We appreciate the interest of Petrou and associates in our paper. They raised important points for discussion to better understand the mechanism of macular hole (MH) formation secondary to handheld blue laser as well as the interpretation of some of the clinical findings. First, our speculation that the effect of this kind of laser may be photodisruptive was based on clinical observations, which include the lack of both thermal burn acutely and later scar formation at the retinal pigment epithelium (RPE) level, as well as recovery of good visual acuity after surgery in successfully closed macular holes. Therefore, although a photocoagulative component is possible, some RPE permanent effects should have been noticed clinically, especially given that it is difficult to justify that the absorption of laser energy by the macular pigment on its own can completely protect the RPE from laser damage. Hence, we speculated that photodisruption may be the predominant underlying mechanism.

Second, regarding the hyperreflectivity of the RPE on optical coherence tomography (OCT) in the bed of the MH, we agree with the correspondents that this is an interface phenomenon. It is well known that the absence of overlying tissue leads to increased reflectivity of the remaining subjacent layers on OCT. With respect to the hyperreflective excrescences, we discussed in our paper what has been described histologically in cases of idiopathic full-thickness MH as being RPE proliferations or lipofuscin-laden macrophages. Clumps of remnants of photoreceptors, as mentioned by Petrou and associates, is also a plausible explanation as to the nature of excrescences.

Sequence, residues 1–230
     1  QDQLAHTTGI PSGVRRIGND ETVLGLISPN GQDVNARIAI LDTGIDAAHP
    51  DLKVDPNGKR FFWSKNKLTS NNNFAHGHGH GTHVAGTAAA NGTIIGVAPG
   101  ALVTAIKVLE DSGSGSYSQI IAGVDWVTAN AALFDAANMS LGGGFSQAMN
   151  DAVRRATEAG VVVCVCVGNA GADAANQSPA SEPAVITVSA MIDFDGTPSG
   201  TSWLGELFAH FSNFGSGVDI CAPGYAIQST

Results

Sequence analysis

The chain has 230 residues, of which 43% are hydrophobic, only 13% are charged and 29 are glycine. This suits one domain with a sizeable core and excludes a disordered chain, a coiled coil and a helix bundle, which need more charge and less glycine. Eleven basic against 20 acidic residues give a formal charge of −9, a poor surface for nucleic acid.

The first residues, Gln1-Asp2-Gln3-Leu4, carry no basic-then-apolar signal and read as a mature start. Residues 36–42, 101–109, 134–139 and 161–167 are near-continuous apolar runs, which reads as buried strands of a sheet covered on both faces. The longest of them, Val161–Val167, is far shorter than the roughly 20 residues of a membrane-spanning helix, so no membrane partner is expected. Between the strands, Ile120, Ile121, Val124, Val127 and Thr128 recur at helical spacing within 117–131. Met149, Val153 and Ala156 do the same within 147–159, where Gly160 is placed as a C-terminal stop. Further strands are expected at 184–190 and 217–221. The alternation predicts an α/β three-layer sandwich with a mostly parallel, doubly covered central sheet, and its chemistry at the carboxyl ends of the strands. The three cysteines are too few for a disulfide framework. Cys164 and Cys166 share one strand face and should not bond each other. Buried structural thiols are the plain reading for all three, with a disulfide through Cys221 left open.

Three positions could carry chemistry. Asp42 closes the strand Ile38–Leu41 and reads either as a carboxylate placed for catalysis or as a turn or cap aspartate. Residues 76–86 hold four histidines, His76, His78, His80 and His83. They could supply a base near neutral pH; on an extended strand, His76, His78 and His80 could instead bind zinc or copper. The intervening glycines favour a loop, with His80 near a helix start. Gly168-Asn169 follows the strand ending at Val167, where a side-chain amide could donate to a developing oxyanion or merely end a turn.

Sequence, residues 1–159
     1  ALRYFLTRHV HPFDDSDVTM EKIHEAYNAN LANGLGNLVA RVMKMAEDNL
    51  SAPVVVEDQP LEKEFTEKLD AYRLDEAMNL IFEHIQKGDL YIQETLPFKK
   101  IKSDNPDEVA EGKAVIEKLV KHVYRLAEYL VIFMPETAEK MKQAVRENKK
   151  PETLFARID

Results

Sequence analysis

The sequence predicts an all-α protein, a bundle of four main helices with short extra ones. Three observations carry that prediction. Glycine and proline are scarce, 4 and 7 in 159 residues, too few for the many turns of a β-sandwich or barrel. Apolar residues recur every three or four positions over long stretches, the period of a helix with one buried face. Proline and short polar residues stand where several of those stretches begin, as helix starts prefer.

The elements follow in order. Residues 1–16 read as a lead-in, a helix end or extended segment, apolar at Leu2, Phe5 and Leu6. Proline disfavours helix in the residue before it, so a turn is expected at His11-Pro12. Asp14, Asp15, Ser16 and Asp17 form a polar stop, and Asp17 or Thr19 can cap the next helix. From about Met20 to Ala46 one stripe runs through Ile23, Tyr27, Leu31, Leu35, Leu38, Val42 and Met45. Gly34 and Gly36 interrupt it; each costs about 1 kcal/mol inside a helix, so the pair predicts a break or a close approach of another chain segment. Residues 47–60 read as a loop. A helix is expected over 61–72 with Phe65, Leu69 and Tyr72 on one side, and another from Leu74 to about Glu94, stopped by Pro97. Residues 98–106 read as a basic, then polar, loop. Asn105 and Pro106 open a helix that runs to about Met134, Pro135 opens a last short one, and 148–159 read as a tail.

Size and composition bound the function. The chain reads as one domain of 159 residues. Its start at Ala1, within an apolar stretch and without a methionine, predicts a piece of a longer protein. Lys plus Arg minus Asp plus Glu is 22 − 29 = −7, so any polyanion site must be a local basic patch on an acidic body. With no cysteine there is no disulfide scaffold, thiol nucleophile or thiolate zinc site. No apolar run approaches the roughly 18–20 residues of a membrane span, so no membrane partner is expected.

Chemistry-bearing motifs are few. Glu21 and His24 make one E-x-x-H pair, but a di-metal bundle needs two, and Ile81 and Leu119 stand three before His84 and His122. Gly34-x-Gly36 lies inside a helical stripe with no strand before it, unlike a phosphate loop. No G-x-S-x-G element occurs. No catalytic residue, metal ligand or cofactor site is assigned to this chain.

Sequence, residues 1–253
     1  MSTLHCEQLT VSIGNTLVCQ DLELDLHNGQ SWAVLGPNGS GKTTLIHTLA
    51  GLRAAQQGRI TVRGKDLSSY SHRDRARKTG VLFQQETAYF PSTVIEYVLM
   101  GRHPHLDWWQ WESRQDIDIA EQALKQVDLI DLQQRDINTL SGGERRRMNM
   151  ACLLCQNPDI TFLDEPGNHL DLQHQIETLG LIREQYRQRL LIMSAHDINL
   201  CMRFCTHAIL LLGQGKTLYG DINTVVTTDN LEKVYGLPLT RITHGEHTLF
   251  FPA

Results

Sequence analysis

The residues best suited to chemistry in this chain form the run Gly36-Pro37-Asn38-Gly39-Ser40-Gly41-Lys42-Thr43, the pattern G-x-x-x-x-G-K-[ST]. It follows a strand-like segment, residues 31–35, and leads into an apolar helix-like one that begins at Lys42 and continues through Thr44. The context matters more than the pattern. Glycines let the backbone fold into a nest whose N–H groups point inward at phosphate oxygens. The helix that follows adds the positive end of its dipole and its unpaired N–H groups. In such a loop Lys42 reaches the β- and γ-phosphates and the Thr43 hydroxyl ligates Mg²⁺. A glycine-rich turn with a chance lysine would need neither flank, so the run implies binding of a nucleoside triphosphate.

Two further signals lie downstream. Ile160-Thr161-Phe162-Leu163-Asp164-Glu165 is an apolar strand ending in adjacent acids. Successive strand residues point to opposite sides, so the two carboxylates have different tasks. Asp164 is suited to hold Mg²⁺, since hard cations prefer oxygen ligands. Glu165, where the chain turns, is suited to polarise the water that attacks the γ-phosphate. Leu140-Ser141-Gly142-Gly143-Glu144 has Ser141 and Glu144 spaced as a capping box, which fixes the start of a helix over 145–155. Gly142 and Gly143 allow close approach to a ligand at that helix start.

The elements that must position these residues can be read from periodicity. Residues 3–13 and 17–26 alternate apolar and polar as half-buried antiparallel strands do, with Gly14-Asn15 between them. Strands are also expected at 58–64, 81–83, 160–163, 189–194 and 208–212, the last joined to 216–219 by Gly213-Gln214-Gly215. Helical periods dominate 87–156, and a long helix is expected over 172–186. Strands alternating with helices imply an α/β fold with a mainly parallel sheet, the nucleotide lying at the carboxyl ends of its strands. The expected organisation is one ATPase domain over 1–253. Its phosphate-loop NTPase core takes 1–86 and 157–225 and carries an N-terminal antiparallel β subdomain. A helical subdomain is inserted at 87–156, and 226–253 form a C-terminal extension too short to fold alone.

Finally, we couldn’t agree more that public education, perhaps on a national and international level, is necessary to try to limit this form of ocular injury, which, if not addressed, may become an “epidemic.” Again, we thank the correspondents for their valuable comments.

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Jan 6, 2017 | Posted by in OPHTHALMOLOGY | Comments Off on Reply

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